Monday, August 2, 2010

Blowing One's Top: Thirty Years Later

Mt. Adams (left) Mt. Shasta in CA (distant middle) and
Mount St. Helens (right)

With Ellensburg in our rear view mirrors we headed south on Hwy 821 and traced the Yakima River south to Yakima, then turned west onto Hwy 12, which passed through the Snoqualmie National Forest on our way to Packwood, WA. We had a reservation at the Packwood RV in that put us within a convenient distance of Mt. Rainier National Park.

Mt. Rainier

As we arrived at Packwood RV it was unsettling to find a worn and outdated park with a "this property for sale" sign. The office was closed with a "back at 1:00 P.M." sign taped to the door. It was 12:20. We killed time wandering around the park to determine a good site. One of the park "regulars" approached to offer assistance. Apparently the park's owner had suffered a stroke and following her surgery required lengthy naps. The gentleman did his best to assist but the sites were not well marked. There was a difference of opinion as to which hookups belonged to which site. As we talked another large rig pulled in looking for a site.
We eventually settled on a pull-through near the office and weighed anchor. As we finished setting up the owner arrived. She turned out to be genuinely friendly and helpful (mainly about what to see in the area) but clearly someone who would be happy to sell the property and move on. Upside was that as a Passport America park, the rate was very reasonable.
Our 100 mile drive from Ellensburg left us with a good portion of the afternoon for a drive into to Mt. Rainier NP. We pondered either a drive up to Paradise or to Sunrise. Based on our 1996 visit to Mt. Rainier, our recollection was that Sunrise was more scenic so it was off Sunrise. Paradise could wait.

Sunrise Lodge parking lot and surrounding Alpine habitat

When we reached Sunrise we found the trails to be snow-covered and closed (unless one had snowshoes). Bummer. Most if not all of the Alpine habitat was still snow-covered with no flowers. The only flowers we glimpsed were those found along the roadside where snow had melted. Still, the scenery was nothing to sneeze at and on the plus side, the parking lot was wide open. We had beautiful looks at Mt. Rainier and the surrounding landscape. We drove back down to Packwood and settled in for the evening to sort out the best route to Mount St. Helens National Volcanic Monument on the following day.

Mount St. Helens

Following breakfast at the only place in town that served breakfast (Peters Inn - well worth a stop) we spent the day driving the Mount St. Helens "Windy Ridge Loop" which took us deep into the blast zone and to Spirit lake. 2010 was the 30-year anniversary of the eruption of the volcano. Hard to believe that thirty years had past!
The road up the east side of the mountain passed several pullouts that offered views of the lateral blast areas and extensive blown-down forests and culminated at Windy Ridge. A young park ranger - she hadn't been born yet at the time of the eruption - was on hand to give a brief overview of the changed and changing landscape, focusing mainly on the geology of the area. Ash and smoke could still be seen rising up from the still active crater. A better view of the mountain was had by taking a steep climb (over 400 steps!) up to the Windy Ridge observation deck (it was indeed windy!).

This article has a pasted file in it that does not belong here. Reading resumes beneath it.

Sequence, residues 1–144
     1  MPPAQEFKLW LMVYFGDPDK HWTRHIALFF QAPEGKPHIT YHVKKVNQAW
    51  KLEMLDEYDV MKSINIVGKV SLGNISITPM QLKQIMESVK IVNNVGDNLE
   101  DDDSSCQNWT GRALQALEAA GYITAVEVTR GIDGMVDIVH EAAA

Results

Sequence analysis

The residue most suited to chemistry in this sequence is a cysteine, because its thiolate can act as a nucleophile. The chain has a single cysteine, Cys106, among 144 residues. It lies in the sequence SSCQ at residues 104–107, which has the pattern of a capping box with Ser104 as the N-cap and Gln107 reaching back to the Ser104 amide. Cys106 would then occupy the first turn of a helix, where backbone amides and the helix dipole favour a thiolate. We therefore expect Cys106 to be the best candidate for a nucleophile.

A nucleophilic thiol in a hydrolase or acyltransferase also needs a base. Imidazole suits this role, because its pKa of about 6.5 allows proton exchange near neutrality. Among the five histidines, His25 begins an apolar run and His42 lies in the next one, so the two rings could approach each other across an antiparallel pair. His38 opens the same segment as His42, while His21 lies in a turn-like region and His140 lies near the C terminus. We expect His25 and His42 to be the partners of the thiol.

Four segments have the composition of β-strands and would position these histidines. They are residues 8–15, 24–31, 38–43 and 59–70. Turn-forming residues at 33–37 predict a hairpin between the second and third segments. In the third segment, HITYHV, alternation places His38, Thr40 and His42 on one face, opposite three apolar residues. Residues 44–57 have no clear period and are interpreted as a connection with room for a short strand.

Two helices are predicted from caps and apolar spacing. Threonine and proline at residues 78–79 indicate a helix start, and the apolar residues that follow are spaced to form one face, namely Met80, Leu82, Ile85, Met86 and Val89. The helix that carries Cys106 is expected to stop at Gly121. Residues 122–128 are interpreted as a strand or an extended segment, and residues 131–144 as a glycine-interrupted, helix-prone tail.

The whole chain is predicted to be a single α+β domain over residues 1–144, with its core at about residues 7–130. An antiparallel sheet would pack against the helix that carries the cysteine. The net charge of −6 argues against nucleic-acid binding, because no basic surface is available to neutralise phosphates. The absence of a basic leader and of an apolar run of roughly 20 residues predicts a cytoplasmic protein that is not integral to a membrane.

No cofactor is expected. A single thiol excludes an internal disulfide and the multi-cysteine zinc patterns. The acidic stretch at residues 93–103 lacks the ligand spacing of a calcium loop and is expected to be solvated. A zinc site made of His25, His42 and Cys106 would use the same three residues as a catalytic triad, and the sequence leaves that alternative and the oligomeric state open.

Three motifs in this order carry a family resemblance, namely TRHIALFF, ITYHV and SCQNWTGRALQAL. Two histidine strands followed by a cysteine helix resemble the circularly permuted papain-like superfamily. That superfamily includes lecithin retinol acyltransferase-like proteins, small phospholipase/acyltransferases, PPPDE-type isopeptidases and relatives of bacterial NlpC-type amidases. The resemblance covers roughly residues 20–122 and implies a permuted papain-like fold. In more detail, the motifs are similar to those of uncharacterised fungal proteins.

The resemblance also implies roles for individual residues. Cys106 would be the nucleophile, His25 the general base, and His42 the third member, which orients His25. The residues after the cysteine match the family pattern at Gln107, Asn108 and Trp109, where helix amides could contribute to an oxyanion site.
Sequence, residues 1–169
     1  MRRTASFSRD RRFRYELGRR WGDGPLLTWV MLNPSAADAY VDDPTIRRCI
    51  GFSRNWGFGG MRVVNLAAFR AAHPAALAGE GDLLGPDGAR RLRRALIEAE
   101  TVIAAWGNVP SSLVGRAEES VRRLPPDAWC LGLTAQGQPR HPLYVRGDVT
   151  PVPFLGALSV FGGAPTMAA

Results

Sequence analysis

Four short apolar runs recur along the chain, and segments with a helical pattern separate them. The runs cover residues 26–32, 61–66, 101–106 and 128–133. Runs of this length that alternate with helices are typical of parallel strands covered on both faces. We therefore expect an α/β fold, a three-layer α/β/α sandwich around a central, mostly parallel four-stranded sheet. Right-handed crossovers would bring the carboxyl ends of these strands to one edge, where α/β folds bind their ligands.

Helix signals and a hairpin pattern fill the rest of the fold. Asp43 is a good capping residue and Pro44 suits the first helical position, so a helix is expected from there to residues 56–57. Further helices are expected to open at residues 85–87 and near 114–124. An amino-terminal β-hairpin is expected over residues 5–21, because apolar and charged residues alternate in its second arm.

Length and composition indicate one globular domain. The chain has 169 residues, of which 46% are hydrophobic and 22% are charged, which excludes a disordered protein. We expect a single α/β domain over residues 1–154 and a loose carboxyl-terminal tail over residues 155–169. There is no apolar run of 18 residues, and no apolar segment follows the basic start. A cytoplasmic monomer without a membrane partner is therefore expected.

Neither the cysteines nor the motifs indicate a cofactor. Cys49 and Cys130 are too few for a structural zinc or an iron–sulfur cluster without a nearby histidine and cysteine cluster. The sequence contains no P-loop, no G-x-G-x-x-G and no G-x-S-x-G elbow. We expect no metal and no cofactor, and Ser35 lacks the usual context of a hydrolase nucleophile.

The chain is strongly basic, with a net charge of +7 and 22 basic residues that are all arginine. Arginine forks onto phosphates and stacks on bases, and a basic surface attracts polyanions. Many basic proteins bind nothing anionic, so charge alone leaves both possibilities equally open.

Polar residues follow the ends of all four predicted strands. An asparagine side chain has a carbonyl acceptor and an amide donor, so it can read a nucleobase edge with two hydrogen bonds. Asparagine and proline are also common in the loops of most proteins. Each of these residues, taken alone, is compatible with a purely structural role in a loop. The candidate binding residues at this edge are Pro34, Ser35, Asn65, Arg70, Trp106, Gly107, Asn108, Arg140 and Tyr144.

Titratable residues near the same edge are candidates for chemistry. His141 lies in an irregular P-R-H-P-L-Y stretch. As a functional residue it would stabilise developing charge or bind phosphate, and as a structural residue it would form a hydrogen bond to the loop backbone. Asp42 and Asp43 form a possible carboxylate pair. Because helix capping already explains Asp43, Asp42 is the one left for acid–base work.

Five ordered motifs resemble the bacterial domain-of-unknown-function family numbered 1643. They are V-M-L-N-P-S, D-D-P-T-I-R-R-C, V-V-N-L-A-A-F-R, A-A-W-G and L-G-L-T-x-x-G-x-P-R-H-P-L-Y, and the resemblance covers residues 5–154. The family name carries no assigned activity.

Some of the 439 steps up to the Windy Ridge observation deck and
the view from the deck looking back at Mount St. Helens

Devastation was still very much evident although compared to thirty years ago, many of the blown-down trees were harder to see. The weight from snow packs each year have pushed the trunks further into the ground. Intense seasonal wetting and drying of the wood has lead to more rapid deterioration. Many blow-downs were still visible along the shore of Spirit Lake although most have sunk to the bottom.
Spirit Lake was so severely impacted in 1980 that there was a complete loss of the lake's living matter. The waters were transformed into a primordial soup consisting of heavy metals and organic matter covering a floating log mat. The lake was effectively divided into two lakes in one - much of the lake is cold and deep and biologically unproductive (like many high elevation lakes in the Cascades). Conversely, the shallower waters host vibrant ecosystems returning to pre-eruption conditions.
Massive landslides at the time of the eruption blocked two creeks creating Coldwater and Castle Lakes. The irregular shape of the landscape also formed several new ponds and wetlands; new habitat for a resurgence of an array of amphibians, birds, insects, mammals and plants.
After we spoke with a local forestry service worker about the area's transformation (she was a little girl living in the area at the time of the eruption), we wished we had visited Mount St. Helens in 1996 so we too could have had a better benchmark to draw our own before and after comparison. Suffice it to say, the "after" was most impressive.
By late afternoon we were back at Packwood RV for the evening and planned our next move. Next up - the Washington coast.
Awning Update: Having given up on Apache RV in Portland, we turned our attention to trying one of the top fifty rated RV dealers in the country. Our dealer in Wisconsin is one of the top fifty. We deduced that a dealer doesn't get that award without providing excellent service. Looking at our route we determined Gauranty RV in Junction City, Oregon, to be a logical choice. We contacted their service department who seemed very excited about helping and sent them all the part numbers and all other pertinent awning info. Time will tell.

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